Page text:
A consortium led by David McCourt is on track to win the tender to deliver high-speed broadband to rural Ireland, the Sunday Times reported, adding that the Government has concluded that there is no viable alternative plan.
Citing senior Government sources, the newspaper suggested the project could cost €3 billion to finish the introduction of at least 30MB broadband speeds to the remaining 540,000 homes and business.
Quinlan bankruptcy petition
The Sunday Times also reported that boomtime property financier Derek Quinlan is facing a bankruptcy petition from Edgeworth Capital over a dispute linked to debt owed on an office complex outside Madrid.
Quinlan bought the Spanish complex for €1.9 billion in 2008, securing three loans to complete the purchase.
Insurance companies will be forced to reveal how much they’re paying out to settle compensation claims against businesses, the Sunday Business Post reported. After an interview with Minister of State Michael D’Arcy, the paper reports that insurers will be legally obliged to notify businesses of the amount a claim is settled for, and the reason it was settled.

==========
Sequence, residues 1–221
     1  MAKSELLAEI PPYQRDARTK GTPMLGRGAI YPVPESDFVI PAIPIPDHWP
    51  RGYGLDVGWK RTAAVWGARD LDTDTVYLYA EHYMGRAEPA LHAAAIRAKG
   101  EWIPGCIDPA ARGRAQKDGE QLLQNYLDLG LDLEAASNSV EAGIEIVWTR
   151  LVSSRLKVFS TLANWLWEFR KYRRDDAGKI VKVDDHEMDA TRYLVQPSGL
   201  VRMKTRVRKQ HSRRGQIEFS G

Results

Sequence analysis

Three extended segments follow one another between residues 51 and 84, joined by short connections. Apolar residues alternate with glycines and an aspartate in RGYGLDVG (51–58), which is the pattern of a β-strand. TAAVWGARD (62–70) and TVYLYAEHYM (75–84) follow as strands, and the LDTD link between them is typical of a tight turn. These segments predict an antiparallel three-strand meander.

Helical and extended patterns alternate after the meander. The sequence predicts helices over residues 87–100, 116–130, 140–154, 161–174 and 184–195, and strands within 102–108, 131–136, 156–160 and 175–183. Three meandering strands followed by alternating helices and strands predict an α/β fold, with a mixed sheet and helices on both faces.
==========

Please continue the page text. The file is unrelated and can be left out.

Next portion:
Reporting on a claim by the United Nations, the Sunday Independent said that more than 90 per cent of all loans sold by the National Asset Management Agency were to international funds, the vast majority of which were based in the United States. In a letter suggested to be highly critical of Government policies, it was claimed that unprecedented amounts of global capital have been allowed into the Republic's housing market.
The Sunday Independent also reported that fresh sale speculation is mounting in relation to Dublin-based Depfa Bank, which is winding down, after it redistributed more than €900 million off its balance sheet back to its German parent bank. The newspaper says that although the bank is being wound down, it could be of interest to companies seeking a European Union banking licence.
Ashley’s shopping spree
The Sunday Telegraph reported that Sports Direct boss Mike Ashley could be nursing losses of more than £500 million on what it calls a "botched high-street shopping spree".
In an analysis of Ashley’s stakes in a host of rival companies, the newspaper noted that while his losses haven’t been without success, losses dwarf those investments that paid off.